Police said the Russian's arrest had followed in-depth investigations after two of the victims came forward. The suspected blackmailer had allegedly demanded $100,000 from one of the victims, accompanying his demand with pictures of the two men having sex with the prostitute.

    When he refused to pay, more photographs, inscribed with lewd comments and the victim's name, were sent to his neighbours. The second man pictured later also came forward to police.

    [07] Police probe million pound share scam

    By a Staff Reporter

    POLICE are investigating allegations of a million pound share scam in which the suspect is accused not only to have falsely claimed to represent a company to obtain the money, but also to have used the fact he was related to an AKEL deputy to gain trust.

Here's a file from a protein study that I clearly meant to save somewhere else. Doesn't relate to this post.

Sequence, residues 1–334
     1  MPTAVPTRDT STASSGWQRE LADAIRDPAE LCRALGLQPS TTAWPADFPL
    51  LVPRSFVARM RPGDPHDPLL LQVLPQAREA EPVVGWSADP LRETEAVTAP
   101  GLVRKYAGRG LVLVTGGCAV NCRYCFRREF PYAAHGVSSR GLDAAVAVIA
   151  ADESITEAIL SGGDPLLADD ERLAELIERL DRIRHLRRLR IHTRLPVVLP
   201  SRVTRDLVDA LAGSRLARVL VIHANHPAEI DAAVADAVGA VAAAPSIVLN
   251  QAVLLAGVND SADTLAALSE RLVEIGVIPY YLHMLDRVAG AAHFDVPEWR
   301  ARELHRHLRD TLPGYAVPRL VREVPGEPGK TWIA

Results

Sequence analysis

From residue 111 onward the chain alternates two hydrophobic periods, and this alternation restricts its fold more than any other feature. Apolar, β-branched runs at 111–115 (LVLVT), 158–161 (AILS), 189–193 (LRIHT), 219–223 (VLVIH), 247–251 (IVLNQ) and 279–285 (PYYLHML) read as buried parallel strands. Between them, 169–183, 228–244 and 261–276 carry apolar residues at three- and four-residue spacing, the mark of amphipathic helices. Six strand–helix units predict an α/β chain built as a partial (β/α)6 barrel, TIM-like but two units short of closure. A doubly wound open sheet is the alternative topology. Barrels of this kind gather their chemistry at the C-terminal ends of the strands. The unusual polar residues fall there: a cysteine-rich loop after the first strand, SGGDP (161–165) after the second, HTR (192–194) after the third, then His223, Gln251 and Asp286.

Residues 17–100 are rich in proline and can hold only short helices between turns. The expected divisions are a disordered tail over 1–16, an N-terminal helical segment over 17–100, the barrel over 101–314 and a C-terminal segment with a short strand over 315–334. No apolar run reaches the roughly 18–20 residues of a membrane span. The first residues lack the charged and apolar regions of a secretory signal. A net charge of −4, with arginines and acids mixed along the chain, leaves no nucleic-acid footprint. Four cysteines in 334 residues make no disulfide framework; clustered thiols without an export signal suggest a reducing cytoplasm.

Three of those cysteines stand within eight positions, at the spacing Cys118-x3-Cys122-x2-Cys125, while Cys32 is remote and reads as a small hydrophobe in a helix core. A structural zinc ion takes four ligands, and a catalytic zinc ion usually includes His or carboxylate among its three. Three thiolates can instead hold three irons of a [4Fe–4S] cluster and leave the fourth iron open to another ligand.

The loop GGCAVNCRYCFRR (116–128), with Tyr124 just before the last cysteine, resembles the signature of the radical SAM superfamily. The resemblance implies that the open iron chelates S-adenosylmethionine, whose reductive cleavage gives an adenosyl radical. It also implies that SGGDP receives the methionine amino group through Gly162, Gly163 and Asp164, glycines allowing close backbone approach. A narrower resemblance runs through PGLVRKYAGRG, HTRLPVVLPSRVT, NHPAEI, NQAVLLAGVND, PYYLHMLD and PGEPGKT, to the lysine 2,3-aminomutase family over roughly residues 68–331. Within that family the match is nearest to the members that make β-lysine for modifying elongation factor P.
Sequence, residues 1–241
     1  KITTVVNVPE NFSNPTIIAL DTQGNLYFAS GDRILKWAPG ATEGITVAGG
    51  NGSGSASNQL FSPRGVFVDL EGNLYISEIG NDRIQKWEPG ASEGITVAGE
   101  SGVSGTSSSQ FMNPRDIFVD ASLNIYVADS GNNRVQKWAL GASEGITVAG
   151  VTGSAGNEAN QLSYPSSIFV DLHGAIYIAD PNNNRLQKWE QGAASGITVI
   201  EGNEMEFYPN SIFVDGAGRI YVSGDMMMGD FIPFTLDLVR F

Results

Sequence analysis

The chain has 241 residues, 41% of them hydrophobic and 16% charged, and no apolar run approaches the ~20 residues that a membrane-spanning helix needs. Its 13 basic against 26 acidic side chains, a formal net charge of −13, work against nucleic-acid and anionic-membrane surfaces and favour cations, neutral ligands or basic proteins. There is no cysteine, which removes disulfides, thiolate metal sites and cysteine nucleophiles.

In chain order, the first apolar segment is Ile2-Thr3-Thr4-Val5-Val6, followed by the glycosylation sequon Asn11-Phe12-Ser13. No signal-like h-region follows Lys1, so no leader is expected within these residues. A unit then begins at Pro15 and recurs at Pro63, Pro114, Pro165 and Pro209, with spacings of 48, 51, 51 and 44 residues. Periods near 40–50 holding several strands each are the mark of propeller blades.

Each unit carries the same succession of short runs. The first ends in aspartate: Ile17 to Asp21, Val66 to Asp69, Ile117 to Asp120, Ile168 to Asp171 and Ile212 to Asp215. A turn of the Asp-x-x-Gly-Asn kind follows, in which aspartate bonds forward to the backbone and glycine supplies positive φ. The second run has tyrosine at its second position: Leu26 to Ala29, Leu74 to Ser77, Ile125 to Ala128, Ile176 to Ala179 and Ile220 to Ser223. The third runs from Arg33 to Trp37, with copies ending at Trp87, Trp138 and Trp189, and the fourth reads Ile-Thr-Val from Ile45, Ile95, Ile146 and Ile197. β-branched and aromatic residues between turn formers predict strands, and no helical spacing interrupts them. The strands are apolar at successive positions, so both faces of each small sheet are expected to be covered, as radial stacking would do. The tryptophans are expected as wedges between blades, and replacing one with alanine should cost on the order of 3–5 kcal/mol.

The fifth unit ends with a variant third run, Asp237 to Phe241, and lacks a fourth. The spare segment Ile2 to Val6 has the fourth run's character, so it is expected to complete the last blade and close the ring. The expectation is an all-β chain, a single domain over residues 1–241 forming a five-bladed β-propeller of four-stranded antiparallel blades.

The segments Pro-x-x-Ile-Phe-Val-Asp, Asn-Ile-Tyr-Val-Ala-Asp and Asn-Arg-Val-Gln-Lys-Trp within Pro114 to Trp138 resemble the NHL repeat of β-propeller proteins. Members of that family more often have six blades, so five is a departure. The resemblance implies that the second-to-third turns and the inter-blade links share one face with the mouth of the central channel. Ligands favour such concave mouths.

A Nicosia businessman went to the police after entrusting almost a million pounds to a person who claimed to be a representative of the New Marathon Company and offered to get him private placement shares in the business.

    The phoney representative also allegedly used the fact his brother was an Akel deputy to gain his victim's trust. Months have passed since he handed over the money, and the victim told police he was concerned about ever getting his money back.

    A representative from New Marathon yesterday told the Cyprus Mail that the company was aware of the alleged scam, but had nothing to do with the case.

    Reports yesterday said the unnamed AKEL deputy had not spoken to his brother for years. Nicosia police yesterday told the Cyprus Mail the suspect had been questioned by police, but not arrested.

    [08] Daughter tells court how elderly father was 'swindled out of his home'

    By a Staff Reporter